A Simple But Profound Truth for New Dads … and All Dads

Many new dads are blindsided by how many adjustments they are asked to make for their new role. Usually they have not grasped an important truth about fatherhood, and that’s understandable. After all, there are plenty of veteran dads who haven’t accepted it either. What is this simple but profound truth? It’s not about you.

When your first child arrives, you know your world is forever different, but it takes some time before you realize just how different it is. You probably had a taste of it when your wife was pregnant and you helped with some of her unique needs. But now your new little person needs almost constant attention and care. Your baby’s well-being is the top priority in your home. Your eating and sleeping schedule no longer matters—only hers does. As a father, you may as well get used to it because … it’s not about you.

Maybe, up until now, you have always been a kind and caring person—trying to think about others’ needs and devoting yourself to becoming a good husband and serving your wife. Still, you still knew that at the end of the day, you could do what you wanted.

Those days are gone now. Oh, you’ll still be able to steal a few moments here and there, but you have to be ready to give up what you’re doing at a moment’s notice. Remember, it’s not about you any more.

There will be times when this gets very frustrating. Even when you accept the fact that making sacrifices is part of fatherhood, giving up something you enjoy because duty calls is not fun. That goes for watching the big game on TV, freedom to run out to the store at any time, intimacy with your wife, even eating a meal undisturbed. And then, just when you think you’ve made all the adjustments you need to, you discover one more thing you enjoy that has to be put on the back burner because you’re a dad.

The secret for new dads—and all dads really—is to realize this now, while you’re making daily investments in your children. Start expecting interruptions, and be ready to put those other things on hold for a season. When feelings of frustration show up, figure out how to deal with them in a positive way. Look at the big picture. Find joy in the little moments. Imagine doing some of those favorite activities years from now with your son or daughter as a teen or as a young adult.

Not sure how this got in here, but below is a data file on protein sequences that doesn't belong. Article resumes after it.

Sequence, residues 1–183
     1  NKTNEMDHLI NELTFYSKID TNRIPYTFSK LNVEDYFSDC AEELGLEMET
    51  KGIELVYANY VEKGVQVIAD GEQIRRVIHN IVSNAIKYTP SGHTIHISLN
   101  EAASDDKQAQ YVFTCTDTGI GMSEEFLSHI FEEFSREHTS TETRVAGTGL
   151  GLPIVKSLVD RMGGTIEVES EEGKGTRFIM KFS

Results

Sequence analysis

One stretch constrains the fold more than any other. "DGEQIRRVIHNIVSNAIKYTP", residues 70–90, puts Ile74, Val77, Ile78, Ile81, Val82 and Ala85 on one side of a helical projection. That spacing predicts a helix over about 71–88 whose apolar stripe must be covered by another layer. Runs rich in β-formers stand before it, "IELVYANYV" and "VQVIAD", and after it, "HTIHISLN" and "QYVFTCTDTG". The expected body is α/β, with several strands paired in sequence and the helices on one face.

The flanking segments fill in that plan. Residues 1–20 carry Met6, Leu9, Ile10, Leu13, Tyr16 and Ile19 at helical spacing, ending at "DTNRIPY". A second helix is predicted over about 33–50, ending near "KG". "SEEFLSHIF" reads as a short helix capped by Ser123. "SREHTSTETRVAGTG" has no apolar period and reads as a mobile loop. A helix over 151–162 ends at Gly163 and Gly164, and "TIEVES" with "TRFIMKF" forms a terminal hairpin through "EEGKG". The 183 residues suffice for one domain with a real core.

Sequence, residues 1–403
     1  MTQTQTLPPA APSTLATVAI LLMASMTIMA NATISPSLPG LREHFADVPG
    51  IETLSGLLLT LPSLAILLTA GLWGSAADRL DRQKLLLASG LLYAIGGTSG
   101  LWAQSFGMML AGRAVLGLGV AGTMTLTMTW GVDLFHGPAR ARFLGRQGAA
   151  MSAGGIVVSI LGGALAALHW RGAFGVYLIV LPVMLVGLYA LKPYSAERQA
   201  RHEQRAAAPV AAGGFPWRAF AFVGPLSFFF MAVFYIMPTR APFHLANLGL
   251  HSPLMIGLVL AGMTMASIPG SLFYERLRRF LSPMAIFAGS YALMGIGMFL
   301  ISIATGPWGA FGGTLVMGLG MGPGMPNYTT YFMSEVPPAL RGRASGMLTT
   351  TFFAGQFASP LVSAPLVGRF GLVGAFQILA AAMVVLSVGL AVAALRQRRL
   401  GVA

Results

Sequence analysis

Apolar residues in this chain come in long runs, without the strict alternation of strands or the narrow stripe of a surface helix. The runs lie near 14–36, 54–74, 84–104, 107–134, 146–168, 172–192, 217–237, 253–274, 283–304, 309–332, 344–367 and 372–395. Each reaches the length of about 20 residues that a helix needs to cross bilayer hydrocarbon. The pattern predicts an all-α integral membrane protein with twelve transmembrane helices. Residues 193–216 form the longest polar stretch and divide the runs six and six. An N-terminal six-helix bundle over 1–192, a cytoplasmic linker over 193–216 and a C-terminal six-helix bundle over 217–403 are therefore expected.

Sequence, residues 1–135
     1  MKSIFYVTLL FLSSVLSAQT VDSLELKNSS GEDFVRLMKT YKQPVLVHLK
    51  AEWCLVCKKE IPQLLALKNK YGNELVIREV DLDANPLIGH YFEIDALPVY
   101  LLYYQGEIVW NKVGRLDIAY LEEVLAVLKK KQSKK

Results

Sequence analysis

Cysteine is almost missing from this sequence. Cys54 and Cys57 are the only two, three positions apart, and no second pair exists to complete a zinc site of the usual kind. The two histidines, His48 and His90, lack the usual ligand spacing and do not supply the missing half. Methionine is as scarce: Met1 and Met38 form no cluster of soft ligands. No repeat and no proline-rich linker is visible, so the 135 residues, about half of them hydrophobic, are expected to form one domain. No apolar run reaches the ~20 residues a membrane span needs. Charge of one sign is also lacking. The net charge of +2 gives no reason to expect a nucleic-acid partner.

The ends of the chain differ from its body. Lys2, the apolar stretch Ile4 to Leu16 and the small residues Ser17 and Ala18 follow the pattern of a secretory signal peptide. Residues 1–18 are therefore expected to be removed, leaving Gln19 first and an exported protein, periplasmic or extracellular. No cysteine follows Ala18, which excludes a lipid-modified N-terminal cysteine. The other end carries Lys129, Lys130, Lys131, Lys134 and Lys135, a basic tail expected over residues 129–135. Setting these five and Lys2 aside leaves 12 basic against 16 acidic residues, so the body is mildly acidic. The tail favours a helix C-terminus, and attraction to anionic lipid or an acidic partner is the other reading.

Good fathering means sacrificing some of your aspirations and pleasures for a while so you can invest more fully in your children. If you can grasp and even embrace this mindset as a young father, you’ll be ahead of the curve and before long you’ll adjust to your fathering role and move beyond that feeling of frustration. Your child will be established as a high priority and a source of joy in your life, and there will be less inner conflict and fewer second thoughts about what you’d rather be doing. You simply respond to your child’s needs, knowing that even changing a diaper or rocking your baby to sleep is a long-term investment and one of the most important things you’ll do today. Investing in the next generation is well worth the sacrifice.

It isn’t about you … it’s about your family. Things are different now, and that’s good. You’re an involved father and that’s a blessing all by itself. Bonding with your child in these early days of childhood will pay off for years to come.


  • Post a note to yourself on your bathroom mirror, computer screen saver, or dashboard: “It’s not about you!”
  • Be the one to jump up and help when your child has a need. Those are priceless opportunities! (And Mom could probably use a break.)
  • Are you going through a rough time as a father? Maybe you can’t see your children as much as you’d like, or one of your kids is in some trouble. The “It’s not about me” attitude can help you focus on your children and keep you from getting discouraged.

Watch the replay of the Fathering Breakthrough Event

Join Dr. Ken Canfield and a handful of friends and partners as we give an update about our efforts to inspire and equip fathers all over the world.

There may be no more important work than turning the hearts of fathers to their children, and that’s what this is all about. We’re seeking to repair, rebuild and restore effective fathering for the benefit of children and families everywhere.